The Harrier League – a Beginner’s View

Jane Ives

After being talked into doing the Harrier League cross country last year (and loving it!) Susan asked me if I’d write a short article for this year from the perspective of the beginner to encourage other new club members to have a go at cross country! I’ve written the following:

Harrier League starts on Saturday and if you’re a new member of Elvet Striders you’re probably thinking it sounds all too serious for you! I was quite shocked to find myself on the start line last year after being a club member for a whole fortnight! More of a shock was the determination on the faces of the 100 serious runners I was lining up with (the first race I’d done without a Scooby Doo costume in sight!) but I was as ready as I could be in a borrowed Striders vest, race number and kindly donated Walshes (all thanks to Susan and Debs). There was no turning back now and the race started with a blistering pace!

This first venue wasn’t too muddy (much to the disappointment of most runners!) and the course undulating rather than hilly, but boy was I glad to finish! What a blast – to have run my first ‘proper’ race! I came 104th out of 106 but nothing could take the grin of my face. Fantastic support from the men during the race and fantastic women’s team support with every runner’s effort celebrated, all followed by cake! So, here I am a year later with my own Striders vest and new trail shoes – I’ll be nervous again and the pace will still be a shock but I can’t wait. If you’re on the sidelines wondering if you should run on Saturday – give it a try!

Hope this encourages a few more to run!

Anita Dunseith

Following the emails from Geoffrey and Susan around this season’s cross country this is to all our lovely newbies and anyone who thinks they aren’t good enough for “the dreaded” XC –

Picture the scene – it’s muddy and chilly at a random XC venue in the NE some time last autumn. The local clubs have gathered with their flags and tents and dogs dressed in club colours. The atmosphere is great and there’s a real buzz. The “serious runners” are doing all manner of weird and wonderful stretches and drills while everyone else tries not to to get too cold before their race.

After the obligatory Striders photo the ladies head to the start line. The fast runners fly off, elbows out, the medium runners set off at their pace and there are some stragglers at the back. At the very back of all of these slow runners is a Strider running her first XC. She’s loads behind and getting further behind as the race continues. The next race even begins while she’s still running her race but she finishes dead last by a long way, absolutely knackered, to huge cheers from the purple army who are waiting at the finish line. No one has anything but words of encouragement for her despite her poor performance.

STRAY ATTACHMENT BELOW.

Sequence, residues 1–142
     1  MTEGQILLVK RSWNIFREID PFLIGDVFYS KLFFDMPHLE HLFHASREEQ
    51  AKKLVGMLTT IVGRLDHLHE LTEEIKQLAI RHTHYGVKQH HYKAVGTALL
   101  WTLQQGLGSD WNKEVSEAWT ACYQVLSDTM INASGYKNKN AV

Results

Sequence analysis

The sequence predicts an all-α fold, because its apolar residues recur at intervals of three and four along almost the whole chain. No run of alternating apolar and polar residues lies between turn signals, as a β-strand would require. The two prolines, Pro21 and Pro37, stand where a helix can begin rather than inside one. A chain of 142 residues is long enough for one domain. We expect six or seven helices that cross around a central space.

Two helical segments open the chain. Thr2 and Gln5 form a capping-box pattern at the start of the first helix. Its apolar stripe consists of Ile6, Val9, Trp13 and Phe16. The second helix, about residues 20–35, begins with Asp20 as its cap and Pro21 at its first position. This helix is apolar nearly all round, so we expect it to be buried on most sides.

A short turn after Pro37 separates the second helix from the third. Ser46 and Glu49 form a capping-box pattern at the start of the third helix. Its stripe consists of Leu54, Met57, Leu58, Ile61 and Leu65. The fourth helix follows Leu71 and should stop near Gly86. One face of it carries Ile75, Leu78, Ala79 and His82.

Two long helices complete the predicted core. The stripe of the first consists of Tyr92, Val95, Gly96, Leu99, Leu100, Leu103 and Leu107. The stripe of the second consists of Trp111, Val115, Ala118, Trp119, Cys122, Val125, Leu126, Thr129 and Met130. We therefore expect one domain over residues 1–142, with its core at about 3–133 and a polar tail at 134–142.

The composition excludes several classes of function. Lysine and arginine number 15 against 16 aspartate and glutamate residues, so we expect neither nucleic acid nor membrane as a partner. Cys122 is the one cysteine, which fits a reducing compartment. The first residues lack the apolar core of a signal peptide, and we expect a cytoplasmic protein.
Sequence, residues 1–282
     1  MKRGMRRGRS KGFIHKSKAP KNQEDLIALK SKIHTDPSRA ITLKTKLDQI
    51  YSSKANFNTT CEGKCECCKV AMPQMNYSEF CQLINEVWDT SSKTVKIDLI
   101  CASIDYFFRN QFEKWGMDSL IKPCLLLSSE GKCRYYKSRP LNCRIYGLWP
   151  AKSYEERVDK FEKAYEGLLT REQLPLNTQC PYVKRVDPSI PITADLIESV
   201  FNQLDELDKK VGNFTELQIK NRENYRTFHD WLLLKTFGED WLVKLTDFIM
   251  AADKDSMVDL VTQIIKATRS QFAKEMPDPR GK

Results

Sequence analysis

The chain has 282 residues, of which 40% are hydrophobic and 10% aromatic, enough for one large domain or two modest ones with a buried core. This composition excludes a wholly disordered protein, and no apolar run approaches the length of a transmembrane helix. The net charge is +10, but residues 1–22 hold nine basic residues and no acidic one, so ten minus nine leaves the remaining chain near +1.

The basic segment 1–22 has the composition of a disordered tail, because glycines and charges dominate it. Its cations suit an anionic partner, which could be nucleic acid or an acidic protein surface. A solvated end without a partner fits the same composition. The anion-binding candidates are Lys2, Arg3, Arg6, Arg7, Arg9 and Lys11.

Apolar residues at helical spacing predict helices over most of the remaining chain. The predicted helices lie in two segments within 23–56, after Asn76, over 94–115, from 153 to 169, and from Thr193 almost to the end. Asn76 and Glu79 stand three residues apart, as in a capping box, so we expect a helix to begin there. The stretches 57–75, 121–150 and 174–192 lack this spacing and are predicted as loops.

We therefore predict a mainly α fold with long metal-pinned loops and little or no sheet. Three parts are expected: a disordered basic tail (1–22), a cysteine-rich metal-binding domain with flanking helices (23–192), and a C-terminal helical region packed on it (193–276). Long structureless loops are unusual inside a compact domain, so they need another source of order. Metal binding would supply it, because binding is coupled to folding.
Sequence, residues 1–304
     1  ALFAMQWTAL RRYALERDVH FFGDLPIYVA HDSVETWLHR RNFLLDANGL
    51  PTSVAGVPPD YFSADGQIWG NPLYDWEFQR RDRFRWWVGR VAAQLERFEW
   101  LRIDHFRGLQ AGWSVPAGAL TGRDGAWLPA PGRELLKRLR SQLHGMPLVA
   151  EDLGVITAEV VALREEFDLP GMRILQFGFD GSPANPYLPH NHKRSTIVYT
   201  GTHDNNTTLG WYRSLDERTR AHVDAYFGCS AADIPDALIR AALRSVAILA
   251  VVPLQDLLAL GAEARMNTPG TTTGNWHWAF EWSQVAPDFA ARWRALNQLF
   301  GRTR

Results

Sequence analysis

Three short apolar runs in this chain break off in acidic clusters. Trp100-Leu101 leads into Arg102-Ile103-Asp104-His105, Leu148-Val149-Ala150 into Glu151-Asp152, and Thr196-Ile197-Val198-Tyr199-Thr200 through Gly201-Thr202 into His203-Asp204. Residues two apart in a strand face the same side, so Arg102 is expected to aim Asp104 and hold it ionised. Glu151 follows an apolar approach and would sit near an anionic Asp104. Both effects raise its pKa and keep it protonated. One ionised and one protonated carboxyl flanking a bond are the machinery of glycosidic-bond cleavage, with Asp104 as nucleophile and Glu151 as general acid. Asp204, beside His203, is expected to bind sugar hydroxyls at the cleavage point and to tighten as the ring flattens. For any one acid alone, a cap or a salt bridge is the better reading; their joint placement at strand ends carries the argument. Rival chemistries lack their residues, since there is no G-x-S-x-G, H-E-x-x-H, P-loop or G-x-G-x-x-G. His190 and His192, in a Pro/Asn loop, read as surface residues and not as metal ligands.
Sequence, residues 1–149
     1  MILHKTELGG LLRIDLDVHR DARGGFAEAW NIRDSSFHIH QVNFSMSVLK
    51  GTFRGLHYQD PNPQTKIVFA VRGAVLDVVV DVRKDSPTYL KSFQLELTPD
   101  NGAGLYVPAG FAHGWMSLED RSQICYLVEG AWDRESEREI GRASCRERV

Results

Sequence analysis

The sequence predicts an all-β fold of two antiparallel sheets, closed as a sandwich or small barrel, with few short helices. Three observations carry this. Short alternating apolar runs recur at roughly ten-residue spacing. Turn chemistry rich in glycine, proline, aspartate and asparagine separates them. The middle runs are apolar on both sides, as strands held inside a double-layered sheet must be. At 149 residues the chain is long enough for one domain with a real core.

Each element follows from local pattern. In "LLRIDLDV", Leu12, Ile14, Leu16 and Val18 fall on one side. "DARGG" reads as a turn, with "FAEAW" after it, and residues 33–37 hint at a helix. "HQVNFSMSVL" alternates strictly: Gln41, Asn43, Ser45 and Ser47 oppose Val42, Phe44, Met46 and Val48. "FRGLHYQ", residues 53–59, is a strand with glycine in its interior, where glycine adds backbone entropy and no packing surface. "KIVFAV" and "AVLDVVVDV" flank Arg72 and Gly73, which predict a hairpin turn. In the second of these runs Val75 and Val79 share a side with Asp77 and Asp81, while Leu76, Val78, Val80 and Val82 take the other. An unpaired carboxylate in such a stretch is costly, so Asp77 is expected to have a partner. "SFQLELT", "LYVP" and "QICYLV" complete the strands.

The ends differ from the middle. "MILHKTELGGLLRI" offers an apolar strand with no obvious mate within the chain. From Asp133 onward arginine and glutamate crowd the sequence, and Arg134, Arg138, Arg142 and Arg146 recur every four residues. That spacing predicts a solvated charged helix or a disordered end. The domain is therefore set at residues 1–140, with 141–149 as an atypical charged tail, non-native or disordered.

That week she buys some trail shoes because despite being last she absolutely loved it.

The same thing happens at the next two events. She’s dead last again, though not by as far this time. However, despite her dreadful performances the cheers of her fellow Striders never dwindle and keep her going to the very end.

On the way to her fourth race she starts to cry in the car because it’s not very nice to always be last. To which her husband helpfully says ‘well run faster then’. So she did. She tried the hardest she could, she put her heart and soul into that run and beat THREE people. At the finish line she felt like an Olympian winning gold. Her husband is there to give her a huge hug and her team mates are absolutely over the moon for her. (Other spectators think she’s a bit mental because she came fourth last and is jumping up and down like a jack in the box).

At her final XC race that season she beats six people. No medals or awards but the biggest sense of achievement she’s ever known. She’s absolutely hooked.

Six months or so later this lady completed her first marathon and a couple of months after that she completed her first ultra marathon. She came last in both of those races too but achieved something she never expected to in her whole life.

The reason I know so much about her is because she is me.

I’m not telling you this to blow my own trumpet by any means so I hope you don’t think I am. I’m telling you this so you know it’s OK to be last (I’m making a running career out of it!)

Until you push yourself to try something hard you’ll never know how strong you are, physically, or most importantly for me mentally.

So give XC a crack if you like the idea of slipping and sliding through ankle deep mud in wind, rain, snow and sunshine with the cheers of your team mates ringing in your ears.